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The Monarch Larva Monitoring Project | Citizen Scientists Monitor Monarch Butterflies

Case Study Overview

A close-up of a Monarch caterpillar on a plant.

Monarch larva on milkweed plant. Photo credit: Becky Hansis-O’Neill.

With its familiar pattern of orange and black, the monarch is perhaps the best known butterfly in North America. Each year, adult monarchs migrate from winter roosts to summer grounds across North America.

Along the way, female butterflies lay eggs on milkweed; the eggs then hatch into caterpillars, also known as larvae. The larvae grow by feeding on milkweed; through metamorphosis, they transform into the next generation of adult butterflies and continue their annual journey across thousands of miles. In the fall, the newest generation of adults flies south to the overwintering sites.

But now the monarch is in trouble. Due to habitat loss, patches of milkweed are fewer and farther between, so the number of monarch larvae is dwindling.

In the 1990s, researchers at the University of Minnesota decided to use citizen science to collect long-term data on monarch larvae and milkweed habitat in order to provide information that decisionmakers can use to help prevent the monarch’s decline. The Monarch Larva Monitoring Project has grown to involve volunteers from across Canada and the United States.

Download this case study (PDF, 131KB)
Website: Monarch Larva Monitoring Project

Project Description

Three kids walking through a field of grass.

Children walking sampling transect during MLMP monitoring. Photo credit: Laura Molenaar.

Participants in the program volunteer to monitor a particular site — often their own backyards — following a standard protocol. Through online or in-person training, the volunteers learn how to identify milkweed as well as the eggs, caterpillars and pupae of monarch butterflies. They also learn about the monarch’s annual cycle of breeding, migrating and overwintering.

Each year, volunteers record when milkweed plants first come out of the ground and how many are present at the site they are monitoring. Then, on a weekly basis, they record the number of eggs and caterpillars they see on the milkweed. They also have the option of collecting other useful data, such as the amount of rainfall or the relationship between a parasite and host.

The final step in the monitoring process is logging on to a secure website and entering the data collected into a master database.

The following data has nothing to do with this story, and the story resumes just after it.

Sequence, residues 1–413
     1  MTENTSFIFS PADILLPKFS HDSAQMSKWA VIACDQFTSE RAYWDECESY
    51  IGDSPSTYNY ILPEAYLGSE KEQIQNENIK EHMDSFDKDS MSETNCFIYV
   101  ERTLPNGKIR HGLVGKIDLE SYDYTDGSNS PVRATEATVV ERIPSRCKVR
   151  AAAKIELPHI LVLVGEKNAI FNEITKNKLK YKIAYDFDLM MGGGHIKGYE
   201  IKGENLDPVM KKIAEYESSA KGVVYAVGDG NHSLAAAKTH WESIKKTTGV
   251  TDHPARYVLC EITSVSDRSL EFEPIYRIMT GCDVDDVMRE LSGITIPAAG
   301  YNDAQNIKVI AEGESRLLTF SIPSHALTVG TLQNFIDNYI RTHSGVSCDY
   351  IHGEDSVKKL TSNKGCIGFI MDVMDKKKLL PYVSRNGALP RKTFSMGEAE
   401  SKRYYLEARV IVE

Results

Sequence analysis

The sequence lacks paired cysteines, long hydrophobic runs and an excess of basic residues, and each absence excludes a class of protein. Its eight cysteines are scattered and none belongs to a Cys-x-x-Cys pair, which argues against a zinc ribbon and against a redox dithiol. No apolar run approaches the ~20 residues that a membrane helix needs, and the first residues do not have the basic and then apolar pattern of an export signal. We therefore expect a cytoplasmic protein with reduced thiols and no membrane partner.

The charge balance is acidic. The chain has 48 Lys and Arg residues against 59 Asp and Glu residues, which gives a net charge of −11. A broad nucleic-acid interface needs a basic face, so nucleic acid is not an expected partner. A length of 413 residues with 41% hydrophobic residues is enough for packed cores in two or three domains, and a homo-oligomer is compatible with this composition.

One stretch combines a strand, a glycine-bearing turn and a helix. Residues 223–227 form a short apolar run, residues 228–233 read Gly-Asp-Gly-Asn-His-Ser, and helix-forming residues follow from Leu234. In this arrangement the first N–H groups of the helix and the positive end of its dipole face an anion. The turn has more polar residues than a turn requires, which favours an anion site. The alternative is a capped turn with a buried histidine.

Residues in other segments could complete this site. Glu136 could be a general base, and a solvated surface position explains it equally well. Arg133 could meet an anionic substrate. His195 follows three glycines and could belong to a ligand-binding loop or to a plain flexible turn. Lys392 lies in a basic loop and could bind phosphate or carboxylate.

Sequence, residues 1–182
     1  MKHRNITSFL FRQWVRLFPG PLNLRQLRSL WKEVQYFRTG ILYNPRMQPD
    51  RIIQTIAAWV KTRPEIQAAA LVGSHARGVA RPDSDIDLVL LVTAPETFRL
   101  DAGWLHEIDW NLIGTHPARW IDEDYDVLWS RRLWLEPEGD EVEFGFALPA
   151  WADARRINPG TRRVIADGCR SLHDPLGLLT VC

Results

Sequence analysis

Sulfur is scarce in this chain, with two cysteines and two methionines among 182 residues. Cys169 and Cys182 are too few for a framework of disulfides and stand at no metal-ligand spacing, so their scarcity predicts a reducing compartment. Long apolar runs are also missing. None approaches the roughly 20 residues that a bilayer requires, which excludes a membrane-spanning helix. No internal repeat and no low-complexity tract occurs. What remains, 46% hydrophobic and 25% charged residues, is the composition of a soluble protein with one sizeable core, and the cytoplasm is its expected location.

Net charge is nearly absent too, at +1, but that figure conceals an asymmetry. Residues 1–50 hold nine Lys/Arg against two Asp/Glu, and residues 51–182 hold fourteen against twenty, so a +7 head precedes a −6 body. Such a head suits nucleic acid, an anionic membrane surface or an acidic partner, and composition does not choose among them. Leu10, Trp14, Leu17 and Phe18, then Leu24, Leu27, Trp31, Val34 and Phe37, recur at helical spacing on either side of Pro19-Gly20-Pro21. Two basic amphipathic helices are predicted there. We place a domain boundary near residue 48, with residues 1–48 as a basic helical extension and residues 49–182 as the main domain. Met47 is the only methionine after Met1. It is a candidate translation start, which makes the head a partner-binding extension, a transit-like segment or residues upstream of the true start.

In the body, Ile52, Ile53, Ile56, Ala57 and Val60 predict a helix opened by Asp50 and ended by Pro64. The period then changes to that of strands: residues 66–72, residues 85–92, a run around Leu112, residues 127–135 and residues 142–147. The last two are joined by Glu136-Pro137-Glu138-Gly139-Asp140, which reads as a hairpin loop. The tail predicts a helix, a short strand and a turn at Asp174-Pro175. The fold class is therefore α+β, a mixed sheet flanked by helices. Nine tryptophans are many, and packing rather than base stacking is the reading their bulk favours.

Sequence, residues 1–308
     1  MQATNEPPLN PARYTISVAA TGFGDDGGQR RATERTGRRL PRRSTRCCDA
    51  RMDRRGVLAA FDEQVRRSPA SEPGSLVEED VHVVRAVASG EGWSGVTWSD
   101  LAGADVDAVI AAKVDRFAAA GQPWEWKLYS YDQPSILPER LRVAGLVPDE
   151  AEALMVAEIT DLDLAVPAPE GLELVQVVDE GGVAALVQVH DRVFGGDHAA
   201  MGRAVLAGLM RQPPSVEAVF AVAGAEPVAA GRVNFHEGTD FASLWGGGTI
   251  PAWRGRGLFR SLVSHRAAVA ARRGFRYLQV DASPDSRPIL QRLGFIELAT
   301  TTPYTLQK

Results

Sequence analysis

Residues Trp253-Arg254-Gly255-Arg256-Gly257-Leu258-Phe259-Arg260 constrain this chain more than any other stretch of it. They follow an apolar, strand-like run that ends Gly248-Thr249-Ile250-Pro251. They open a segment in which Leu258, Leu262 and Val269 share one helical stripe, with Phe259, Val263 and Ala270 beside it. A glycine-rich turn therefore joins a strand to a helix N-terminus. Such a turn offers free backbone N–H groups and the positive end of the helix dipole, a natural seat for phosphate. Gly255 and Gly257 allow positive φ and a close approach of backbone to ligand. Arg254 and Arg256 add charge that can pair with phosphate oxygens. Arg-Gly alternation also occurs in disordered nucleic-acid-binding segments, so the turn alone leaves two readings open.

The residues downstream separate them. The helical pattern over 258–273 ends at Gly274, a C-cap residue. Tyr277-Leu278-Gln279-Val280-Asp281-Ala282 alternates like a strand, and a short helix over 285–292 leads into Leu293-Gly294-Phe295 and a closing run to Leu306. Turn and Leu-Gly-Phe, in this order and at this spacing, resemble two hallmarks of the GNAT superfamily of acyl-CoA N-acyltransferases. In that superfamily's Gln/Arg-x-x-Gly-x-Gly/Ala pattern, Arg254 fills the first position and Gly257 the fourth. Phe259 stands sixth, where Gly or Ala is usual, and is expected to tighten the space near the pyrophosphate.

A close-up of someone's hands inspecting a leaf.

Monarch egg on milkweed plant. Photo credit: Wendy Caldwell.

For citizen science projects, data validity can be a concern. Some say that non-scientists can’t be trusted to collect reliable data. The project addresses such concerns by using a standardized protocol and requiring repeated observations of the same species in the same place over time. The MLMP also offers in-person and online training, and all data are carefully checked before they are used for research purposes.

Another challenge is getting volunteers to report zeroes, or the lack of monarchs. As the monarch population declines, fewer and fewer monarchs are found during monitoring; this can discourage volunteers and cause them to not want to collect or submit data. MLMP staff work with volunteers to highlight the importance of knowing where monarchs are not found, as well as where they are present.

Benefits and Outcomes

The project is successfully meeting its core purpose: to help scientists better understand how and why monarch populations are changing. As of 2015, project participants had monitored almost 1,100 sites in 43 states and three Canadian provinces, along with the Mexican state of Jalisco. Data provided by citizen scientists have allowed the scientific community to track the health of monarch populations and the habitats they depend on, forming the basis for a growing number of scientific publications.


Two men kneeling in a field with a notebook and a magnifying glass.

Volunteers monitoring for MLMP. Photo credit: Kip Kiphart.

The Monarch Larva Monitoring Project case study illustrates the following steps in the Federal Citizen Science and Crowdsourcing Toolkit:

  • Manage Your Data  — Analyze Your Data
    All data entered on the MLMP website are immediately available to the public, letting people explore population data as they emerge. However, the project emphasizes that the initial data have not been vetted and should be used only for exploratory or teaching purposes, not for management or research. Researchers may request data that have been vetted and cleaned for analysis.
  • Sustain and Improve — Communicate Effectively
    Maintain an active social media presence. Use Facebook, Twitter and other platforms to recruit and retain volunteers and increase the visibility of your project. The MLMP uses bimonthly newsletters to update volunteers on project news and the status of the monarch butterfly. The newsletters also highlight the actions of outstanding volunteers, recognizing their achievements and inspiring others.



Contact Information

Karen Oberhauser

Wendy Caldwell